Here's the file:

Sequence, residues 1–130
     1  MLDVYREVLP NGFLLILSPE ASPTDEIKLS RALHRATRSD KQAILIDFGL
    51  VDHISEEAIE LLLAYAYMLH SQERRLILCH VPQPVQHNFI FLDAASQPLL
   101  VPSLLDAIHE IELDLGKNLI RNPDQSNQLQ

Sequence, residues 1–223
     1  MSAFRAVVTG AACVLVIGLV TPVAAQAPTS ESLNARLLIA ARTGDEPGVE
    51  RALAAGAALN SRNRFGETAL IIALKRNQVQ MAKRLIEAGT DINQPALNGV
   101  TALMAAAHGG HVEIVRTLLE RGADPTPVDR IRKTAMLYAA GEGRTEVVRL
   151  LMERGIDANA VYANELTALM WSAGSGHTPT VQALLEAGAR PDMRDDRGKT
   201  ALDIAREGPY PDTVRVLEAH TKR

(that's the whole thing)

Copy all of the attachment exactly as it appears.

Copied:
Sequence, residues 1–130
     1  MLDVYREVLP NGFLLILSPE ASPTDEIKLS RALHRATRSD KQAILIDFGL
    51  VDHISEEAIE LLLAYAYMLH SQERRLILCH VPQPVQHNFI FLDAASQPLL
   101  VPSLLDAIHE IELDLGKNLI RNPDQSNQLQ

Sequence, residues 1–223
     1  MSAFRAVVTG AACVLVIGLV TPVAAQAPTS ESLNARLLIA ARTGDEPGVE
    51  RALAAGAALN SRNRFGETAL IIALKRNQVQ MAKRLIEAGT DINQPALNGV
   101  TALMAAAHGG HVEIVRTLLE RGADPTPVDR IRKTAMLYAA GEGRTEVVRL
   151  LMERGIDANA VYANELTALM WSAGSGHTPT VQALLEAGAR PDMRDDRGKT
   201  ALDIAREGPY PDTVRVLEAH TKR